Rutgers University research could lead to more efficient plastic solar cells
Physicists at Rutgers University have discovered that energy-carrying particles generated by packets of light can travel on the order of a thousand times farther in organic (carbon-based) semiconductors than scientists previously observed. This boosts scientists’ hopes that less expensive plastic solar cells based on this budding technology may one day overtake silicon solar cells in cost and performance.
“Organic semiconductors are promising for solar cells and other uses, such as video displays, because they can be fabricated in large plastic sheets”, said Vitaly Podzorov, assistant professor of Physics at Rutgers. “But their limited photo-voltaic conversion efficiency has held them back. We expect our discovery to stimulate further development and progress.”
Podzorov and his colleagues observed that excitons can travel a thousand times farther in an extremely pure crystal organic semiconductor called rubrene. Until now, excitons were typically observed to travel less than 20 nanometers in organic semiconductors. Excitons are particle-like entities consisting of an electron and an electron hole (a positive charge attributed to the absence of an electron). They can generate a photo-voltage when they hit a semiconductor boundary or junction, and the electrons move to one side and the holes move to the other side of the junction. If excitons diffuse only tens of nanometers, only those closest to the junctions or boundaries generate photo-voltage. This accounts for the low electrical conversion efficiencies in today’s organic solar cells.
“This is the first time we observed excitons migrating a few microns”, said Podzorov, noting that they measured diffusion lengths from two to eight micrometers. This is similar to exciton diffusion in inorganic solar cell materials such as silicon and gallium arsenide.
While the extremely pure rubrene crystals fabricated by the Rutgers physicists are suitable only for laboratory research at this time, the research shows that the exciton diffusion bottleneck is not an intrinsic limitation of organic semiconductors. Continuing development could result in more efficient and manufacturable materials.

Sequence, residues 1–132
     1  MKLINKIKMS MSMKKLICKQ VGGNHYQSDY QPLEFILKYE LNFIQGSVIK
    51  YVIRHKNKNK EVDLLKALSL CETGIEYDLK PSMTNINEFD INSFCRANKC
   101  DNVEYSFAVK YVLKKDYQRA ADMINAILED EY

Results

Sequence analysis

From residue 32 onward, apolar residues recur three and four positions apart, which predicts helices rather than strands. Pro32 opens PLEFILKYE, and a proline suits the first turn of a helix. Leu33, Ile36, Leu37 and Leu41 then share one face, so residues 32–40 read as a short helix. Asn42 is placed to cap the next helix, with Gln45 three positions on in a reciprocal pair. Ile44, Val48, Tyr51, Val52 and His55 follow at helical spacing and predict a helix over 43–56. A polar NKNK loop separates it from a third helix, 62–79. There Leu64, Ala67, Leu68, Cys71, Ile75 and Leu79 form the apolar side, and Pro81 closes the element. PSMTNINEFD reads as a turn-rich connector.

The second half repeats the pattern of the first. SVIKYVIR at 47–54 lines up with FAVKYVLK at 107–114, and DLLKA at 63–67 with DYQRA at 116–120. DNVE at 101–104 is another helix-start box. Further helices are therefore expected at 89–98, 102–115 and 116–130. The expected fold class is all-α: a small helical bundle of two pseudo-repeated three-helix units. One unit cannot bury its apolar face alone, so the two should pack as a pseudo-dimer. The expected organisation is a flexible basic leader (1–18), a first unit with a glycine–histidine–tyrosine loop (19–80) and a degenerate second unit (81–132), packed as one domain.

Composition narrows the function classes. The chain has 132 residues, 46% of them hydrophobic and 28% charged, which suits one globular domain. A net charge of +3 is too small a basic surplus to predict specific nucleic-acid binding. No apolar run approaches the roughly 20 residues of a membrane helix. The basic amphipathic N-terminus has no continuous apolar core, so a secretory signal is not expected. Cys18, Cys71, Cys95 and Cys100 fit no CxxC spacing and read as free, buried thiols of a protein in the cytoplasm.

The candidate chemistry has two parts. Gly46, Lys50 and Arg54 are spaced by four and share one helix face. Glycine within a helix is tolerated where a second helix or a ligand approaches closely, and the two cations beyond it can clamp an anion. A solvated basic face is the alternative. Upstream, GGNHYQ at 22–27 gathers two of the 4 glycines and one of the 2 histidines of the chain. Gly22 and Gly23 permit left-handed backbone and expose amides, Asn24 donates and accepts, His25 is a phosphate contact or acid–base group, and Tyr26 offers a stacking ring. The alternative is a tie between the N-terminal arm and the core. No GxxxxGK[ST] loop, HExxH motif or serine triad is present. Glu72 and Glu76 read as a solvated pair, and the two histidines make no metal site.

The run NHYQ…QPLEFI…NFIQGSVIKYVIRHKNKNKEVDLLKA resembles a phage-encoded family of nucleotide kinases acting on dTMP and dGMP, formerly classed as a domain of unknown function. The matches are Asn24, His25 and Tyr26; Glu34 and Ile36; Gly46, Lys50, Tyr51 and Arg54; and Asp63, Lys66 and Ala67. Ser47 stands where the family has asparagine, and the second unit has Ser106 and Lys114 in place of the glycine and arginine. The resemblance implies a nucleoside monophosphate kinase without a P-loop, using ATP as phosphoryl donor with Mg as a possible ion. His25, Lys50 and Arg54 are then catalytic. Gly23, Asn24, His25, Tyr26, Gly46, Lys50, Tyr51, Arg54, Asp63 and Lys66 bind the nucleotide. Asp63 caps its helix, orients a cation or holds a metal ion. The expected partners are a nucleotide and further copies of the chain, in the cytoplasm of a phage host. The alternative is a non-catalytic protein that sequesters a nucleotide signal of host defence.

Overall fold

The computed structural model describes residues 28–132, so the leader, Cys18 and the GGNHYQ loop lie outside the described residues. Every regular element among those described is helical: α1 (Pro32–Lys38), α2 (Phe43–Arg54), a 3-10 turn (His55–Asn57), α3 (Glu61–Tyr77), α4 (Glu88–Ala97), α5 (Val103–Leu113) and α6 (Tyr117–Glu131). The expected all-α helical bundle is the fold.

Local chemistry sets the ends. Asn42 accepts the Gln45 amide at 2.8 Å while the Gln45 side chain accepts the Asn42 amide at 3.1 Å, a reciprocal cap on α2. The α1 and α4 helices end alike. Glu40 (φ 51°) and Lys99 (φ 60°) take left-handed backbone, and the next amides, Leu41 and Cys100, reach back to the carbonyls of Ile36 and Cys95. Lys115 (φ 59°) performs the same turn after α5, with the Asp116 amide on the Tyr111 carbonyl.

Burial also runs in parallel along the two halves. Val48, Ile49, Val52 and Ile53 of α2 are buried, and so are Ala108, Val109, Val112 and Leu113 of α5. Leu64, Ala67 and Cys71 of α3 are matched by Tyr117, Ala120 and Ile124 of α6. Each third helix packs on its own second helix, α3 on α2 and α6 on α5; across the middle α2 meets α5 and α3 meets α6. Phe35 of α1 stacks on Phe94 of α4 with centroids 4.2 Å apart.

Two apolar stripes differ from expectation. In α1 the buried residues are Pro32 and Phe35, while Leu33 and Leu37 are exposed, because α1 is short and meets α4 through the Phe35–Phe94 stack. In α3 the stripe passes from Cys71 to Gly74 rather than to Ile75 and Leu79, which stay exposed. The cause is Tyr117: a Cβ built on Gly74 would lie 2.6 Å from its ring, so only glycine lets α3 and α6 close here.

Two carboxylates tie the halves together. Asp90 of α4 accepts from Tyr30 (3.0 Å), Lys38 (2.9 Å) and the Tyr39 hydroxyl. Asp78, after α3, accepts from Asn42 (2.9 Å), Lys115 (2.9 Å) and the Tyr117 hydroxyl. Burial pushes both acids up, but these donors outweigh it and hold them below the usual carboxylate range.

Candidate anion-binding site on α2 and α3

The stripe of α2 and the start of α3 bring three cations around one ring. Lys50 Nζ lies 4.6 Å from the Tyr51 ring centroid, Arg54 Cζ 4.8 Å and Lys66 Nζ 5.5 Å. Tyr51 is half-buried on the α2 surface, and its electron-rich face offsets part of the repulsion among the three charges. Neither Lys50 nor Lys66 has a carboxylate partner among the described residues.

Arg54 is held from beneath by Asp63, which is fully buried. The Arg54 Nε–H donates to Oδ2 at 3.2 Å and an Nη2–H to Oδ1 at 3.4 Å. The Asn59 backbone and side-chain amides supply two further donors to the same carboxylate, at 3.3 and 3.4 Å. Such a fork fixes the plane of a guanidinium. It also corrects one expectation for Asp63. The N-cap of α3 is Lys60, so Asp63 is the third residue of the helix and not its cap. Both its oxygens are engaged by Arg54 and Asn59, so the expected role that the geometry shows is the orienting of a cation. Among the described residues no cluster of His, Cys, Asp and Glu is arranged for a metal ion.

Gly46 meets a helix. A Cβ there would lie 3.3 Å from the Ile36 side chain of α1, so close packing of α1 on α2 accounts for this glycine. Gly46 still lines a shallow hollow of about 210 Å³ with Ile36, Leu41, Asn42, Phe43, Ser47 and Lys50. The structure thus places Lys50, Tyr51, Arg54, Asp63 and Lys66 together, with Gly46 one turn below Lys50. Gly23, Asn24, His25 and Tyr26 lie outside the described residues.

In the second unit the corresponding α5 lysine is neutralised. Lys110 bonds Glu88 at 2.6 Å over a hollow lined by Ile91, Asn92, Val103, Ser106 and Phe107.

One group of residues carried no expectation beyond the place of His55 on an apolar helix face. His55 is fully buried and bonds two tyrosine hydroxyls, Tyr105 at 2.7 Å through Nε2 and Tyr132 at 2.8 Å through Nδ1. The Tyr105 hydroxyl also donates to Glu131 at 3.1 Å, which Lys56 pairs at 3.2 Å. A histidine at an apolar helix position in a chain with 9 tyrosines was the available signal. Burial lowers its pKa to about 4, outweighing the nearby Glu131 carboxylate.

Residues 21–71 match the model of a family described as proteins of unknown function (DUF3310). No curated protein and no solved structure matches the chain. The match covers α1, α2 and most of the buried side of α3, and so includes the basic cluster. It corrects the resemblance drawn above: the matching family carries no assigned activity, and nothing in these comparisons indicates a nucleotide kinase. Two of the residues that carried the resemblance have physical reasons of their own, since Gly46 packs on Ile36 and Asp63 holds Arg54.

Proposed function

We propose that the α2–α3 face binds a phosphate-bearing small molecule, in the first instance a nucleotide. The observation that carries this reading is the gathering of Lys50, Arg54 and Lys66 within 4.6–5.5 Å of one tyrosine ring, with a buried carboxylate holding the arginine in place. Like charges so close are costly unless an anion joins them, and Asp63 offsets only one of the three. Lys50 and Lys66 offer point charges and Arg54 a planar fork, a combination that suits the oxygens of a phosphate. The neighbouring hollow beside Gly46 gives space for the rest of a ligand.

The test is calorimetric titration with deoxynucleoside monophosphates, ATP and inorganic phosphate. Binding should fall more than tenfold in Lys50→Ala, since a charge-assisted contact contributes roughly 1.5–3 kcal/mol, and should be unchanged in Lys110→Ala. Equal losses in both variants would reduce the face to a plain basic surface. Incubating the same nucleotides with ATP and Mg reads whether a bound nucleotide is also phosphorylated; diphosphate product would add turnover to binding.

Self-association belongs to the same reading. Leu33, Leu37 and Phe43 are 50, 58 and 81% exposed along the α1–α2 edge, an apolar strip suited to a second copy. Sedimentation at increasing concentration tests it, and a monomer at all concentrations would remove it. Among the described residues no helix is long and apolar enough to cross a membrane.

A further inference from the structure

The scientists discovered that excitons in their rubrene crystals behaved more like the excitons observed in inorganic crystals – a delocalized form known as Wannier-Mott (WM) excitons. Scientists previously believed that only the more localized form of excitons, called Frenkel excitons, were present in organic semiconductors. WM excitons move more rapidly through crystal lattices, resulting in better opto-electronic properties.
Podzorov noted that the research also produced a new methodology of measuring excitons based on optical spectroscopy. Since excitons are not charged, they are hard to measure using conventional methods. The researchers developed a technique called polarization resolved photocurrent spectroscopy, which dissociates excitons at the crystal’s surface and reveals a large photocurrent.
The technique should be applicable to other materials, Podzorov claims. For more information read the paper published in Nature Materials named: “Observation of long-range exciton diffusion in highly ordered organic semiconductors”.
Good research in solar cell area by Rutgers University and it may lead to affordable solar cells.